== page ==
Making the transition from working for someone else, to running your own business can be tough, but few would argue that the most difficult aspect of entrepreneurialism is being your own boss. While this is one of the main aspects of self-employment that appeals, as we get to make decisions for ourselves instead of being told what to do, it’s also the part of business ownership that requires the strongest determination to succeed.

When you think about it, it’s a bit like being a teenager and heading off to university or college for the first time. Instead of being bound by the rules of school and parents, we find ourselves with a relaxed schedule, and the new-found freedom can be intoxicating. This is why so many students spend their first year getting to know the local bars and clubs, instead of hitting the library or going to seminars. It takes time to adjust to self-management at any age.

When we join the world of work, we’re expected to adhere to other people’s routines and regulations once again. We’re told what time we have to arrive each day, we are given a list of objectives to achieve, and we are expected to follow codes of behaviour for how we dress, speak, and the type of work we deliver to managers.

We fall in to this routine easily, as people naturally respond well to having time and duties mapped out for them. However, when we make the transition to being our own boss, this lack of structure and routine can be daunting, and it is tempting to ignore the little voice in the back of our minds telling us to get on with things, and instead enjoy our freedom for a while.

Related: The 12 Personality Traits of A Remarkable Boss (Infographic)

The problem is, if we do this for too long, our business will fail. Success is dependent upon our learning the skill of self-management first, before we can even consider managing our business well. This means being strict about what time we get up, how much time we spend on specific aspects of the business, and looking after ourselves to make sure that we have the energy, perseverance and dedication to make the business thrive.

So, what are the top things we should be doing each day to make sure we manage ourselves, to be able to manage our business?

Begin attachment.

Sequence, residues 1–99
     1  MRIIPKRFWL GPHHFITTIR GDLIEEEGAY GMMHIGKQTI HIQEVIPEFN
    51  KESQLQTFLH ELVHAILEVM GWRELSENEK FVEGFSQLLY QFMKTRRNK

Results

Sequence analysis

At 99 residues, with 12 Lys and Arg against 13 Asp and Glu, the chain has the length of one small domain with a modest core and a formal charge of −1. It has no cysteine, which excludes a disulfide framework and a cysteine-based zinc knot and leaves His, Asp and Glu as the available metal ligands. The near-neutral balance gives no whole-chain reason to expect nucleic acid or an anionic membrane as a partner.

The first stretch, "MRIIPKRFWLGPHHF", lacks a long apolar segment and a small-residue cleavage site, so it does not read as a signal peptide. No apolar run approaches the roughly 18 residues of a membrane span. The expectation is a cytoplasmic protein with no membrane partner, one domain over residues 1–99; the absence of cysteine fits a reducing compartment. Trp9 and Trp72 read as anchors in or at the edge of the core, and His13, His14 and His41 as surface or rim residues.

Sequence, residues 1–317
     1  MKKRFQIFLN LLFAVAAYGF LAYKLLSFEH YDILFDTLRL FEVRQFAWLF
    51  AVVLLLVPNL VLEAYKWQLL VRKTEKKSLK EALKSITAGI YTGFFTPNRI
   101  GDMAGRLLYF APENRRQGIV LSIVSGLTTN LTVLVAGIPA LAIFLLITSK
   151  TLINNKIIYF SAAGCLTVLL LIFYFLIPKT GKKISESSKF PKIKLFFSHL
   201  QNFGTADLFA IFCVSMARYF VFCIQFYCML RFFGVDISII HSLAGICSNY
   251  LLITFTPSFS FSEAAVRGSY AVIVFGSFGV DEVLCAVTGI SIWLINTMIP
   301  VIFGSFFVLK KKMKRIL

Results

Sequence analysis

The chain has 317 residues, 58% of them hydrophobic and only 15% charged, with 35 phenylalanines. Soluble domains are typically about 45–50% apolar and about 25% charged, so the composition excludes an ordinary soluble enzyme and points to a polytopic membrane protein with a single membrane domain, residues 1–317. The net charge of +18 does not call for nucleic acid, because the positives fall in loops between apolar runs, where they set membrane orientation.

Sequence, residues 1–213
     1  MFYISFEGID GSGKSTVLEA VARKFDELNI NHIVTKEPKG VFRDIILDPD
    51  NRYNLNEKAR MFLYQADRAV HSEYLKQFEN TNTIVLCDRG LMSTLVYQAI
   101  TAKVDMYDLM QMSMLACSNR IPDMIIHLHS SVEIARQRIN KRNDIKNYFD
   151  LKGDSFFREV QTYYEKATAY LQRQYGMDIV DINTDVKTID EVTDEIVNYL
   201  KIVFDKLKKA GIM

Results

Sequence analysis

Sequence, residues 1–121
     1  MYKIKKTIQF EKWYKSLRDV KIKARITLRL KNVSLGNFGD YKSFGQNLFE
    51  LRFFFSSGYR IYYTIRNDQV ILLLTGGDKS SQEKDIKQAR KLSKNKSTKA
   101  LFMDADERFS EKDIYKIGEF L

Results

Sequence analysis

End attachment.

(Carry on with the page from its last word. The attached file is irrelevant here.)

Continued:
Set a routine. Any business owner learns about the importance of a strong routine before any other aspect of their job. For example, knowing what time you have to get up, setting targets for when you’ll be at your desk or place of work, and being strict about what tasks need to be done, at what time, is the only way to ensure you remain productive and focussed.

Without this routine, tasks slip and jobs go undone, leaving your business floundering as you work out what you should be doing. Something as simple as a diary with key tasks set out against specific times can work wonders when it comes to effective self-management.

Related: Be Successful — 5 Habits to Add to Your Daily Routine

Avoid distractions. When we work for ourselves, there will always be times when we just don’t feel like tackling some of the more pressing projects we need to get done. A good film on the TV, Facebook chat or responding to personal e-mails can all seem irresistible if we’re putting things off. T

The problem is, the more we allow ourselves to get distracted by the little things, the less likely we are to generate the motivation to set to work and get the important business tasks out of the way. Make a rule for yourself that you won’t surf the net, e-mail or take time out until you’ve done what you need to do to make your business thrive for the day.

Prioritise. On any given day being our own boss, there will be tasks which we don’t want to do, and others which seem easier and more appealing. Someone who likes writing, for example, will love updating their business blog, but may hate sitting down and sending out invoices. Because business ownership involves being a ‘Jack of all Trades’ in many respects, it’s important not to let the jobs you dislike slide in favour of more enjoyable tasks.

Every day, write down what you need to do and systematically work through the list, starting off with the least appealing and working towards the most enjoyable. This will ensure that your energy is at its highest when you’re focussing upon the first tasks, and you’ll be more likely to complete the rest of the list if all that remains are tasks you enjoy when your energy is waning.

Taking a few simple steps such as these will support you on the way to self-management, giving you the discipline, focus and determination to manage your business more effectively. With time, these routines and approaches become second-nature, setting you up for a lifetime of productivity and effectiveness as your own boss.

By Naomi Dinsmore, the founder of StartBizQuitJob, where they give you tools and the map, so you can start up successfully and build your very own business

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2 COMMENTS

  1. Distractions are one of the biggest issues – especially when working form home. Limit your time on FaceBook / Twitter, etc. It’s surprizing how time flies when just looking around online!

    Andrew

  2. I couldn’t agree more Andrew. Checking emails is what always gets me.

    The best method is to simply dedicate a set time for what you need to complete and stick to it!

    Just like using the Pomodoro Technique where you set a timer for 15, 20 or 30 minutes (your choice) and focus solely on the task that needs completing. Once the timers up take a 5 minute break and start again.

    The key is to not allow yourself to be distracted by anything and switch off phones, notifications and the kids! (if only)

    Thanks for taking time to comment

    Naomi

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